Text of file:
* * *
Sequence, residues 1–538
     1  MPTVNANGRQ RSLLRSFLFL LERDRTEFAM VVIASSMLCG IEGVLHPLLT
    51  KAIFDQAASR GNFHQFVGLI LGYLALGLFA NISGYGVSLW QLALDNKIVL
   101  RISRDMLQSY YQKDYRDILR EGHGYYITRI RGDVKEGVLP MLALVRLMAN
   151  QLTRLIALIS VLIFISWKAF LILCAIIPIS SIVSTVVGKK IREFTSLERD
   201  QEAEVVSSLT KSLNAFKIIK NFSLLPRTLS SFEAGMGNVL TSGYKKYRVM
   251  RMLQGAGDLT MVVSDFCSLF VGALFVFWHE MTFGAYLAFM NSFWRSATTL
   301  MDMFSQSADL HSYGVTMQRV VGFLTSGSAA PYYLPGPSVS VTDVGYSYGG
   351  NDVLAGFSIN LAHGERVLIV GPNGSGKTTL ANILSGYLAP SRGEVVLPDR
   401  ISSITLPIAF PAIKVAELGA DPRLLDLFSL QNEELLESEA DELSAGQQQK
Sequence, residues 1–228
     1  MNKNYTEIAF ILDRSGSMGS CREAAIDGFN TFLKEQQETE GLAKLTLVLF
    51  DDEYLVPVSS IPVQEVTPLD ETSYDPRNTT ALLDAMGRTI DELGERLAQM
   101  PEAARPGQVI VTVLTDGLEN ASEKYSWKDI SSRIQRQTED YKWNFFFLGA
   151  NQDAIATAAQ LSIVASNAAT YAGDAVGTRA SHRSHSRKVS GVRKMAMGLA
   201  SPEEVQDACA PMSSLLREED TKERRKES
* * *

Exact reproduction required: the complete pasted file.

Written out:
Sequence, residues 1–538
     1  MPTVNANGRQ RSLLRSFLFL LERDRTEFAM VVIASSMLCG IEGVLHPLLT
    51  KAIFDQAASR GNFHQFVGLI LGYLALGLFA NISGYGVSLW QLALDNKIVL
   101  RISRDMLQSY YQKDYRDILR EGHGYYITRI RGDVKEGVLP MLALVRLMAN
   151  QLTRLIALIS VLIFISWKAF LILCAIIPIS SIVSTVVGKK IREFTSLERD
   201  QEAEVVSSLT KSLNAFKIIK NFSLLPRTLS SFEAGMGNVL TSGYKKYRVM
   251  RMLQGAGDLT MVVSDFCSLF VGALFVFWHE MTFGAYLAFM NSFWRSATTL
   301  MDMFSQSADL HSYGVTMQRV VGFLTSGSAA PYYLPGPSVS VTDVGYSYGG
   351  NDVLAGFSIN LAHGERVLIV GPNGSGKTTL ANILSGYLAP SRGEVVLPDR
   401  ISSITLPIAF PAIKVAELGA DPRLLDLFSL QNEELLESEA DELSAGQQQK
Sequence, residues 1–228
     1  MNKNYTEIAF ILDRSGSMGS CREAAIDGFN TFLKEQQETE GLAKLTLVLF
    51  DDEYLVPVSS IPVQEVTPLD ETSYDPRNTT ALLDAMGRTI DELGERLAQM
   101  PEAARPGQVI VTVLTDGLEN ASEKYSWKDI SSRIQRQTED YKWNFFFLGA
   151  NQDAIATAAQ LSIVASNAAT YAGDAVGTRA SHRSHSRKVS GVRKMAMGLA
   201  SPEEVQDACA PMSSLLREED TKERRKES